Social computing is growing at a phenomenal rate and large organisations are already developing strategies designed to turn this to their advantage. Start up sites such as Myspace and more recently Youtube have already been swallowed up for unbelievable sums by Newscorp $580m and Google $1.65bn respectively, these are to name but 2 of many examples (facebook, flickr, friends reunited) . This is the sign that the future of social computing will be driven by commercial organisations so can it remain true to the factors that have brought the early success?

Social networks share information, experiences and advice and as a result are very interesting for any business to be able to gain acceptance within these communities. Compete Inc have recently found, through research, that social computing influences online sales, this is being termed social commerce. It has been identified that social site members listen more to peer feedback than any other source of information. This may not come as a big surprise, and early examples can be seen throughout the web, a clear one being the online buying and selling site e-bay. Buyers submit feedback and ratings that act as a comfort or re-assurance for other buyers if they can see feedback about the seller they are looking to buy from. This however can be open to exploitation as there is nothing to stop sellers submitting positive feedback about themselves, both from the private individual level and from a business’ point of view.

The next stage in business exploitation comes as a result of the technological advances online and the growth in blogging (Technorati claim 55 million blogs currently exist Feb 2007), marketers are now looking to take advantage of these opportunities to try and communicate with potential consumers. Marketing is effectively a means used to sell something to someone, what makes it happen does not matter. What one could argue is that an agency or organisation can produce better “stories” which are presented as better content which in turn get noticed. Organisations are generating enormous amounts of content, either directly or through third party agencies with the initial hope of being noticed, but the ultimate objective is to gain acceptance that will lead to sales. Blogs have been used by businesses to spread messages but now with the introduction of even richer rich media - vlogs they have a very effective means of communication, vlogs enable commentary and video that makes bloggers voices heard.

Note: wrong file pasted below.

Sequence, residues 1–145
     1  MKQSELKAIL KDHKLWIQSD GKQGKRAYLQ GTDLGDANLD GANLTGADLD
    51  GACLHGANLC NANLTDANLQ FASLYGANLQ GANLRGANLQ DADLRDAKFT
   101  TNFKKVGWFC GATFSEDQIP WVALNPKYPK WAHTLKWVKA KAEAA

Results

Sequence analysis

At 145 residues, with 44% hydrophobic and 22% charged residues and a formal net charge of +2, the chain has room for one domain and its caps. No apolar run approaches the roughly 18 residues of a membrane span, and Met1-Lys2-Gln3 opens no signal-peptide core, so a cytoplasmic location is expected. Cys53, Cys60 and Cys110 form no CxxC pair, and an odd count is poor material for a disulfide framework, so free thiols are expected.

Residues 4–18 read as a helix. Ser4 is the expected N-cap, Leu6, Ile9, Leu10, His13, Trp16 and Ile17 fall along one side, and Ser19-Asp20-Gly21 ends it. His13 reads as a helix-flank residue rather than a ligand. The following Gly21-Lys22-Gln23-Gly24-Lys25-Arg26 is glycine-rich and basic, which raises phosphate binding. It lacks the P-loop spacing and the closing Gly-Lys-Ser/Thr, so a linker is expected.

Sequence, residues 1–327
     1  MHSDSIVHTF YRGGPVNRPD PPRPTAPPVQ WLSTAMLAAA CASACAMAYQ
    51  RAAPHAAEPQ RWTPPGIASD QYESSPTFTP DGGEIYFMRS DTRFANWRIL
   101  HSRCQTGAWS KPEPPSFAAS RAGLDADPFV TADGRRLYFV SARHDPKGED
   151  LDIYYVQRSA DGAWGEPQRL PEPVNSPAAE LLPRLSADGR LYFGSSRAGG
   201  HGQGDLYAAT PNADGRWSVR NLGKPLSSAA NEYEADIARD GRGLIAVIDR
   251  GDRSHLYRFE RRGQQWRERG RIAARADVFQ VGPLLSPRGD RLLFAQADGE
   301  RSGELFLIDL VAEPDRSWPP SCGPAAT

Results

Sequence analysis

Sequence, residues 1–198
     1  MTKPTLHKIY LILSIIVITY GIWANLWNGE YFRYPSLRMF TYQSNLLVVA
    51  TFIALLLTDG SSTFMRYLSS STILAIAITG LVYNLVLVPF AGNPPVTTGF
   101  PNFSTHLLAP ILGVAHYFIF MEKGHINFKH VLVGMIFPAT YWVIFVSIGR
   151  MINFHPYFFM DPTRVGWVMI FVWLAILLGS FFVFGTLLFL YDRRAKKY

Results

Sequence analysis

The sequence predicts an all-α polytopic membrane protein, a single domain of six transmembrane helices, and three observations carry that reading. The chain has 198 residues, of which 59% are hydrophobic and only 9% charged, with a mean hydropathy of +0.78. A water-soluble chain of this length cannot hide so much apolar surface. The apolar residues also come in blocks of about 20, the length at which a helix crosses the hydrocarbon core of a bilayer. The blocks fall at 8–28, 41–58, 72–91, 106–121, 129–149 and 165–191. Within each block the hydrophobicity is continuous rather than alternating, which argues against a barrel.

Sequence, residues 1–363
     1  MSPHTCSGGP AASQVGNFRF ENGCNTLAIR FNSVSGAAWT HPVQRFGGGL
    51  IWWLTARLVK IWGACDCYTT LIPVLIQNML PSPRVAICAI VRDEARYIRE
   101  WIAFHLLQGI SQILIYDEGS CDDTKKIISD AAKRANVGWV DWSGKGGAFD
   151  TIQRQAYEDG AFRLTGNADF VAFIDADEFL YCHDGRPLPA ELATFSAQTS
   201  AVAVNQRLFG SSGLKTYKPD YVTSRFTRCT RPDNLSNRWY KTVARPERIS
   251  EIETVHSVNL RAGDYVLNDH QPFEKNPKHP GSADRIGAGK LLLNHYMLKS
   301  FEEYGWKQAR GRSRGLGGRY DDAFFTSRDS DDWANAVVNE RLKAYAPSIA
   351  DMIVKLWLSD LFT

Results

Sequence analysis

Even websites with the force of major organisations behind them have to make sacrifices in their corporate aims due to pressures from the governments of certain countries. Google’s aim of indexing the world’s information to make it easy for anyone to find whatever they are looking for suffered a setback at the hands of the Chinese Government who have insisted on restricting what actually is made available to the Chinese population. In France the Government insisted that Greenpeace removed a mash up as it contravened an EU law. How can social computing succeed and become truly global if organisations have to bow to regulation and legislation within certain geographies. Potentially more concerning is the question as to whether bloggers become open to prosecution as a result of their site content, the answer to this question is yes on more than one occasion.

3 questions to contemplate in relation to Social computing going forward. Please feel free to offer your opinions.

  1. Will we be able to distinguish between true consumer generated content and organisational content in the future?
  2. Will consumer content become lost amongst a battle ground for organisations and brands to gain share of voice?
  3. Will Governments around the world hinder the chance of social computing to grow to its full potential?

Blogs for Business.

Are Blogs really going to be able to continue to be truly independent representations or will they be hijacked, manipulated for the good of the corporate.